Barbara Fister

I'm a librarian who works at the Folke Bernadotte Memorial Library, Gustavus Adolphus College in Minnesota and and a writer of blog posts, articles, grocery lists, columns, twitter posts, and mysteries

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The content of the Library Babel Fish blog is licensed under a Creative Commons Attribution 3.0 Unported License. I'm grateful to Inside Higher Ed for being so open-minded and progressive about these things. Feel free to share, reuse, and remix. Attribution would be appreciated.

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Most Recent Articles

March 14, 2013
Remember how the long tail was going to be the greatest thing ever? How technical innovation would let a thousand flowers bloom? How Silicon Valley’s great visionaries would lead us away from a world of few options and give us a world full of endless choices? That was then. Now it's all about me. 
March 7, 2013
A couple of fairly dorky words seem to be getting a lot of play lately: “curation” and “discovery.” Both of these are words that are familiar to librarians, a part of our professional toolkit, but they are being used increasingly in non-library settings. 
February 28, 2013
I have a friend who is tough-minded, outspoken, and perennially skeptical. She’s not a pushover, and she’s not the least bit sentimental. But last week, with the stroke of a pen, the president reduced her to tears. 
February 21, 2013
I’m finishing up a draft of a department self-study for an external review of our library. It’s the third time I’ve been involved in one of these, and the second time I’ve been primary author. It’s making me feel reflective about this enterprise we are part of, the nature of time, and questions of purpose and agency. Deep thoughts, in other words.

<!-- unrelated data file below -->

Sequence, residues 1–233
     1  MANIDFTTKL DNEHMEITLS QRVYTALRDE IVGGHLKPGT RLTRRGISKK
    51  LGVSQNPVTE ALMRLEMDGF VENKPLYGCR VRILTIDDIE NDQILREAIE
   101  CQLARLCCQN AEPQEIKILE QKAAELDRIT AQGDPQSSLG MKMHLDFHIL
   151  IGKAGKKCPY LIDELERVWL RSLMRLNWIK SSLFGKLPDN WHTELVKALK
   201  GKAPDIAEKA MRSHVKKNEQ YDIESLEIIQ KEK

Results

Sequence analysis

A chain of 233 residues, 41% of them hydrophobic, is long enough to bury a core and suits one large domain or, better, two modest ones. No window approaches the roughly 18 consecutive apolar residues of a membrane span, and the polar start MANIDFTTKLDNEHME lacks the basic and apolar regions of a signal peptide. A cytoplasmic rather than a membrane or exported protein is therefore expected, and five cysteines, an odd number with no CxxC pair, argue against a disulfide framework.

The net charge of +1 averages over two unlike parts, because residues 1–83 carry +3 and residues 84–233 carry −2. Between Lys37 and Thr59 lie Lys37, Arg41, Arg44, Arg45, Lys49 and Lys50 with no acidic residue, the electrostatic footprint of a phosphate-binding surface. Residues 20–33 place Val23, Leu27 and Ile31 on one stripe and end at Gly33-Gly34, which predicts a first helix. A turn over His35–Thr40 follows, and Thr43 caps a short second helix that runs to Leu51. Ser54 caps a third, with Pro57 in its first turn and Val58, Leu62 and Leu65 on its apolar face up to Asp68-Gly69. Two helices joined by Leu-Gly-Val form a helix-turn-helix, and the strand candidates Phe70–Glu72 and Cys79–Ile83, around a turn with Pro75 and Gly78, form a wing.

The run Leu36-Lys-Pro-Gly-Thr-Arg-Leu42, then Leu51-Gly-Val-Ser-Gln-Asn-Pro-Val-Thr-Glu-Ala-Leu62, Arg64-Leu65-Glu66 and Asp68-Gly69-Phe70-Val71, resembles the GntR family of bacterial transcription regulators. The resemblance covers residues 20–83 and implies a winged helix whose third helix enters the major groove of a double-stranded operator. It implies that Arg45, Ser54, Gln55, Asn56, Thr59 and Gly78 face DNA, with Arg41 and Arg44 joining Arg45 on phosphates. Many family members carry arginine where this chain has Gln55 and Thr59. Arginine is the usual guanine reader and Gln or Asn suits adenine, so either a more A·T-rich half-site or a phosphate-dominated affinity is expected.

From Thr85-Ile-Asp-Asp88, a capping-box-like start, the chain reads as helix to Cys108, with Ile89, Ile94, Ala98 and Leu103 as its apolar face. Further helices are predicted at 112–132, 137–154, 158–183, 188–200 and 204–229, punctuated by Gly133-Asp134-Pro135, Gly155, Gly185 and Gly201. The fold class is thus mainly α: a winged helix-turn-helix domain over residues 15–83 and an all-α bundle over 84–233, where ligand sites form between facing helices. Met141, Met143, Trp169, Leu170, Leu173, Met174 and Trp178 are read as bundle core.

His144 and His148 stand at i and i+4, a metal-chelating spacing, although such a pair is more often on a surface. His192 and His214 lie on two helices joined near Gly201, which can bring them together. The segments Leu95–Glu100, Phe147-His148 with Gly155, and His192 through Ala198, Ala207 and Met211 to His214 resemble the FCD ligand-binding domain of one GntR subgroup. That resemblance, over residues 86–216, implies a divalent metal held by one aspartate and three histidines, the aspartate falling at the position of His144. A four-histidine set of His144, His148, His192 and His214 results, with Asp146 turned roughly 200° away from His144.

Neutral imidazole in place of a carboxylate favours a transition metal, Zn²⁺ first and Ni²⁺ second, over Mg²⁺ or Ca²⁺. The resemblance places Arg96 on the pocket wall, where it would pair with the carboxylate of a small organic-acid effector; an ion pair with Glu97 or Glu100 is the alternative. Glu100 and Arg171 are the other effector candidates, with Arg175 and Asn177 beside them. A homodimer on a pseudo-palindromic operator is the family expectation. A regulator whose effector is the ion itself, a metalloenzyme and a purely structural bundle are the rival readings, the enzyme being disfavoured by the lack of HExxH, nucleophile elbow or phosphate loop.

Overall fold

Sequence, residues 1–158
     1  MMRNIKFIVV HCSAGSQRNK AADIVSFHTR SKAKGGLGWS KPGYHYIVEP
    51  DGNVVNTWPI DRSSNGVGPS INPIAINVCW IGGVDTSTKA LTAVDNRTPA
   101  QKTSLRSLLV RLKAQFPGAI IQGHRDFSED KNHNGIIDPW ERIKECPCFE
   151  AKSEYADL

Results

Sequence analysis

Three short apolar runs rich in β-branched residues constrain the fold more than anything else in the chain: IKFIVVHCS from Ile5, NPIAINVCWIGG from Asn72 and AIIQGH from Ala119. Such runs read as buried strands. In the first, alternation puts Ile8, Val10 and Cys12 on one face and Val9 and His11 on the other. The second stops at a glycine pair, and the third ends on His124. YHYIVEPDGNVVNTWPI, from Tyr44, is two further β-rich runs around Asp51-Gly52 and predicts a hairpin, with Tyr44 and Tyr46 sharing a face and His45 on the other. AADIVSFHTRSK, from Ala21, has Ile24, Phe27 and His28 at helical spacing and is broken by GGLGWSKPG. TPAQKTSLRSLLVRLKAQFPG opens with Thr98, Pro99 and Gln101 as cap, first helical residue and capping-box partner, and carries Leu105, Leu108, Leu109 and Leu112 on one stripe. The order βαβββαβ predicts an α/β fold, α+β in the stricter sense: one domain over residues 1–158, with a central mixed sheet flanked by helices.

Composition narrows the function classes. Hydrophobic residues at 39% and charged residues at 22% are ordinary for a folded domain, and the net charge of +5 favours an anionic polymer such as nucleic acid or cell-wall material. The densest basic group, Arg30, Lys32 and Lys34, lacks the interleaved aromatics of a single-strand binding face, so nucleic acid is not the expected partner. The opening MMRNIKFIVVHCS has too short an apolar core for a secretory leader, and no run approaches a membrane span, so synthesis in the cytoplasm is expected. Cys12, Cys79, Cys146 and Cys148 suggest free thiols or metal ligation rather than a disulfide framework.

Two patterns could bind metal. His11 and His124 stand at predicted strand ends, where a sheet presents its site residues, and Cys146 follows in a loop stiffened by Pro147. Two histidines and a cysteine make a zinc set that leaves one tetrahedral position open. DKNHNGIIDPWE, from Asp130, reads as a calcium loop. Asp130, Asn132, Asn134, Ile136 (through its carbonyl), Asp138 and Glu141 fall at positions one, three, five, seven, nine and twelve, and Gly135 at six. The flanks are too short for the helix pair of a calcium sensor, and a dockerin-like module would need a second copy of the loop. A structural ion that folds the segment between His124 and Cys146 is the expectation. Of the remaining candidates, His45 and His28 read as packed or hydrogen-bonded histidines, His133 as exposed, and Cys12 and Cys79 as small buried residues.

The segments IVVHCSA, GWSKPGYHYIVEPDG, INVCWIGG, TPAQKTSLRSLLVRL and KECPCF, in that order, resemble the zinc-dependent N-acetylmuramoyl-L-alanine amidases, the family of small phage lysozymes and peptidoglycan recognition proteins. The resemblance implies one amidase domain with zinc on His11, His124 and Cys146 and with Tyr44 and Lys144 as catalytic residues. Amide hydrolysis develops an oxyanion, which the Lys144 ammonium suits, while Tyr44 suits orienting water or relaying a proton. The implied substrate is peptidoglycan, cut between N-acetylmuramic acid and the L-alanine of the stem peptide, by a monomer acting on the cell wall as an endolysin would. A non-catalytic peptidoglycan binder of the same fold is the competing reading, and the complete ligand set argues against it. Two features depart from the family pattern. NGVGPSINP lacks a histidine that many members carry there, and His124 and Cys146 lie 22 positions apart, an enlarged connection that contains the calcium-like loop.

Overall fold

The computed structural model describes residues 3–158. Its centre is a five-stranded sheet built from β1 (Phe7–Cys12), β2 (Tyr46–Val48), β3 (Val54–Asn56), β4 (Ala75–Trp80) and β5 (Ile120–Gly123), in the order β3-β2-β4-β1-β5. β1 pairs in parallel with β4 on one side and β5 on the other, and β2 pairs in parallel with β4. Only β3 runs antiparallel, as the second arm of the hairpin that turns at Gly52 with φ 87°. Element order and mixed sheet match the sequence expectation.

February 14, 2013
It suddenly seems as if suing librarians is the new business model for some publishers. There are a lot of reasons this seems unwise. For one, pissing off your customers is likely to cause your market to dry up.  For another, it’s going to result in a lot of publicity, but not the kind you want. But most importantly, we grownups have better ways of dealing with criticism.
February 7, 2013
We are all, in some sense, curators of our cultural lives, and always have been. Commonplace books were a popular means of arranging nuggets of valuable material selected by the compiler. Marginalia is another time-honored form of highlighting and annotating texts, personalizing them and noting the most meaningful bits. In a digital era, this activity is social. But "anthological copying" that libraries claim can be a fair use is something three major book publishers find illegal and indefensible.
January 31, 2013
This month, students in my January course have been reading about books and culture. This week, as we’re wrapping things up, they speculated about what the world of books might look like in ten years, and came up with some intriguing scenarios and proposals. As I left the building where the class meets I chatted with some humanities faculty and mentioned what we’d been talking about. They seemed at first apprehensive, then surprised and relieved that students predicted a future for books.
January 24, 2013
So, I’m teaching this course on the rather absurdly broad topic of books and culture. It’s not that easy to discuss the book industry (or, more properly, industries) with students who are 18 or 19 years old and don’t have a big stake in it. It’s all pretty new to them, but they know what they don’t know - unlike many seasoned scholars.
January 14, 2013
I was shocked and saddened to hear of Aaron Swartz’s death. He was a bright, creative, and principled young man who helped build tools I use every day. He helped start the Open Library, helped defeat ill-conceived legislation that would limit freedom on the Internet, and courageously set public information free.
January 10, 2013
I’ve just started to read Catastrophism: The Apocalyptic Politics of Collapse and Rebirth by Sasha Lilley, David McNally, Eddie Yuen, and James Davis, which is a short book about our tendency to frame political and environmental issues around impending doom. It’s hard to do the work of change; so much easier to point out problems and wait for the collapse. And when faced with impossibly big problems – the economic crisis, global warming – we feel so small and helpless. The only equally big thing on offer is total ruin.

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